A recent article in Slate by Robert Bryce describes how Texas has more wind generator capacity than any other state — around 9,700 megawatts. But last August, when state electricity demand set a one-day record of 63,494 megawatts, all those windmills contributed just 500 megawatts, or about 5 percent of their rated capacity.
Apparently, the hottest days in Texas have something in common with those in Michigan —they’re usually not very windy. What’s more, the entity that operates the state’s electricity grid determined that on a year-round basis, all those spinning turbine blades are expected to contribute just 8.7 percent of their rated capacity.
Nevertheless, Texas families are now paying $4 more for electricity every month for a network of power lines connecting those distant rural wind turbines to where most people live.
The Texas experience is a stark preview of what Michigan can expect as a renewable electricity mandate imposed by the Legislature in 2008 begins to kick-in (see who voted yes and who voted no in the Senate and House). Unless repealed, it requires 10 percent of the state’s electricity to come from “renewable” sources by 2015, and it allows utilities to stick families and businesses with higher bills to pay for this hugely more expensive power. The mandate is what’s behind all the talk and plans to line Great Lakes shorelines with huge wind turbines and towers. And as in Texas, these will impose even more costs to string power lines from the lakeshores to population centers.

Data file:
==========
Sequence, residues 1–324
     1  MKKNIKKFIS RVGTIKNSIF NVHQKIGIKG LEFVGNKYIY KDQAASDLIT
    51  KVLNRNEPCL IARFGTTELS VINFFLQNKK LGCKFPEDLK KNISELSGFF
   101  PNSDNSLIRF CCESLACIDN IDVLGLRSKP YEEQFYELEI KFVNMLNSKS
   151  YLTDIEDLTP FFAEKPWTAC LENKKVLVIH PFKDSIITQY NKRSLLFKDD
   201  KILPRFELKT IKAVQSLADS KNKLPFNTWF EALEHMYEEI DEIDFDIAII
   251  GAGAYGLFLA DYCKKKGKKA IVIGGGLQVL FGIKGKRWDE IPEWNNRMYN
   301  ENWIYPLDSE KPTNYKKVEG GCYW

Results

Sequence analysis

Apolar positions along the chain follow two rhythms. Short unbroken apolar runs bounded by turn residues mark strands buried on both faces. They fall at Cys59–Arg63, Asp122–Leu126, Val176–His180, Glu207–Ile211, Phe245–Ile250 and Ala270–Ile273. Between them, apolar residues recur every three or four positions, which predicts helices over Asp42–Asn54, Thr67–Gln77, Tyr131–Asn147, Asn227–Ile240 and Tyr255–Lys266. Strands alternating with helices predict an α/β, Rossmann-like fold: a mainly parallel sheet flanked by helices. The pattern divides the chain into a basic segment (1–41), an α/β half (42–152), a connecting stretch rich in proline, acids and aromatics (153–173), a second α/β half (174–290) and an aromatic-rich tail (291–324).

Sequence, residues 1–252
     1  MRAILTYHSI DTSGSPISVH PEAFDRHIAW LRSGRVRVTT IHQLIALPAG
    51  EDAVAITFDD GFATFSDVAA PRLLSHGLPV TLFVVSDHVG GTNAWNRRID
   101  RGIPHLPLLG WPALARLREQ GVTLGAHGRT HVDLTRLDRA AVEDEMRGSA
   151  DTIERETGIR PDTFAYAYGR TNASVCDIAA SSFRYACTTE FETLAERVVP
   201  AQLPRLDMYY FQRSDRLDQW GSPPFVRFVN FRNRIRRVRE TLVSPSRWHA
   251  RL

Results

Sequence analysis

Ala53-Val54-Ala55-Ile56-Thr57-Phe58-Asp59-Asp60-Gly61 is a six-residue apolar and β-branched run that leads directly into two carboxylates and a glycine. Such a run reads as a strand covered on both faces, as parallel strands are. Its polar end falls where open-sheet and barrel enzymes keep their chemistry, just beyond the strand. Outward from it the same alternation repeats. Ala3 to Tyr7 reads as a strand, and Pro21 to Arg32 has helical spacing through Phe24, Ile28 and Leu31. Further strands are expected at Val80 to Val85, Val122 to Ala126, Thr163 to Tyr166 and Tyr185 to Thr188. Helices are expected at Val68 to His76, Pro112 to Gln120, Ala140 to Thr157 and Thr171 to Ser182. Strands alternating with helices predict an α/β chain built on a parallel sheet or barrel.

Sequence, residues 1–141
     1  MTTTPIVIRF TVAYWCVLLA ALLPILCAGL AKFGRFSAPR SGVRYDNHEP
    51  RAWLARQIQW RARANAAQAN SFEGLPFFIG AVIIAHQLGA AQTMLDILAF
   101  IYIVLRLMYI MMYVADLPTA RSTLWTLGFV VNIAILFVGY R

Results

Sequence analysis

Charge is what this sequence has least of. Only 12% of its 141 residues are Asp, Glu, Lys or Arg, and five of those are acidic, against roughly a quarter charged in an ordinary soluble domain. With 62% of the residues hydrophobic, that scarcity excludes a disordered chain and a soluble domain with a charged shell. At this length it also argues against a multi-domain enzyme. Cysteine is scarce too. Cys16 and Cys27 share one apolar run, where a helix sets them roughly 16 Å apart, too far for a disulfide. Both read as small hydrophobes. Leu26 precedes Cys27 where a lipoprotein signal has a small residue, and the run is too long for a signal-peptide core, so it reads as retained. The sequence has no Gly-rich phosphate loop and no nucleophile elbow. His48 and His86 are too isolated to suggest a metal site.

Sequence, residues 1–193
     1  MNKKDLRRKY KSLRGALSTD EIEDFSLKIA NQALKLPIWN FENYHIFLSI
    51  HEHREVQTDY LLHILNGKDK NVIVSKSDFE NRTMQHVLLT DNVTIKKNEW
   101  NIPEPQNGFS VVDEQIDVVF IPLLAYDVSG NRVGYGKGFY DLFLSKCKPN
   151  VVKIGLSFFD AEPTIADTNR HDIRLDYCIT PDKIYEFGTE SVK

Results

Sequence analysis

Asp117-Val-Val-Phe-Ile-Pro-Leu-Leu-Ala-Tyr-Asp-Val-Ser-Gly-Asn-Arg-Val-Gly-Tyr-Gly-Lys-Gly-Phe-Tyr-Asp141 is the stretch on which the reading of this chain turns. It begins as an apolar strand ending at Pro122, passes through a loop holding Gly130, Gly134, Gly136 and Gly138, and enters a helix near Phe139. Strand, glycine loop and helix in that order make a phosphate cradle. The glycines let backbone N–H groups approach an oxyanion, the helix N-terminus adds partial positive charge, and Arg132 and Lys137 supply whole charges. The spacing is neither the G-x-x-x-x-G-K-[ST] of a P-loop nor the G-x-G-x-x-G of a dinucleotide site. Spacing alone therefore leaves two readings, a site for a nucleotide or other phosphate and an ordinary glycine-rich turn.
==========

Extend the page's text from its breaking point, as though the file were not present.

If not poured into wind generators expected to produce less than 10 percent of their rated capacity, all those millions of dollars could be used instead to meet other critical needs.
Understanding wind's unreliability is critically important now, at a time when America's basic infrastructure is crumbling and in desperate need of new investment. In June, the Government Accountability Office issued a report that said that "communities will need hundreds of billions of dollars in coming years to construct and upgrade wastewater infrastructure." Add in the need for new spending on roads, dams, bridges, pipelines, and mass transit systems, and it quickly becomes clear that politicians' infatuation with wind energy is diverting money away from projects that are more deserving and far more important to the general public.
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